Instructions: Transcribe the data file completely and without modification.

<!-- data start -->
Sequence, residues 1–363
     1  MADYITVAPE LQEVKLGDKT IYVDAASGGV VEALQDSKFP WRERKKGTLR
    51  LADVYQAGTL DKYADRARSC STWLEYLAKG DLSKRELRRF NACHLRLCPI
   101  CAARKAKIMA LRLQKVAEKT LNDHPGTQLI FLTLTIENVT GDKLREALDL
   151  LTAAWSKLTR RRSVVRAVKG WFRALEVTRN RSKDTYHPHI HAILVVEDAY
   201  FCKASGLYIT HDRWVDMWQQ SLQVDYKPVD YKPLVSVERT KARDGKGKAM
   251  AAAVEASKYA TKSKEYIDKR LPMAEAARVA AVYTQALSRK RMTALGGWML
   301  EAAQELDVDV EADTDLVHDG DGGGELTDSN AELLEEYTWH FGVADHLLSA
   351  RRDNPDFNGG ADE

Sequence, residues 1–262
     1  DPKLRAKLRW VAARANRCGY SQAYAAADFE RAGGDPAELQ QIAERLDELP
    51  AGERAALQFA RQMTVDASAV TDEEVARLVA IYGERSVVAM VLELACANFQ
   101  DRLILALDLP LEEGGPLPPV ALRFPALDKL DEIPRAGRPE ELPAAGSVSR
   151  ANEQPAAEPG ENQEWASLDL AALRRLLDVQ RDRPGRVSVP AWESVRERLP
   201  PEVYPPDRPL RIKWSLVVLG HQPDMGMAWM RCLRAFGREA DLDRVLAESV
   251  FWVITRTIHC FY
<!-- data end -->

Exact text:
Sequence, residues 1–363
     1  MADYITVAPE LQEVKLGDKT IYVDAASGGV VEALQDSKFP WRERKKGTLR
    51  LADVYQAGTL DKYADRARSC STWLEYLAKG DLSKRELRRF NACHLRLCPI
   101  CAARKAKIMA LRLQKVAEKT LNDHPGTQLI FLTLTIENVT GDKLREALDL
   151  LTAAWSKLTR RRSVVRAVKG WFRALEVTRN RSKDTYHPHI HAILVVEDAY
   201  FCKASGLYIT HDRWVDMWQQ SLQVDYKPVD YKPLVSVERT KARDGKGKAM
   251  AAAVEASKYA TKSKEYIDKR LPMAEAARVA AVYTQALSRK RMTALGGWML
   301  EAAQELDVDV EADTDLVHDG DGGGELTDSN AELLEEYTWH FGVADHLLSA
   351  RRDNPDFNGG ADE

Sequence, residues 1–262
     1  DPKLRAKLRW VAARANRCGY SQAYAAADFE RAGGDPAELQ QIAERLDELP
    51  AGERAALQFA RQMTVDASAV TDEEVARLVA IYGERSVVAM VLELACANFQ
   101  DRLILALDLP LEEGGPLPPV ALRFPALDKL DEIPRAGRPE ELPAAGSVSR
   151  ANEQPAAEPG ENQEWASLDL AALRRLLDVQ RDRPGRVSVP AWESVRERLP
   201  PEVYPPDRPL RIKWSLVVLG HQPDMGMAWM RCLRAFGREA DLDRVLAESV
   251  FWVITRTIHC FY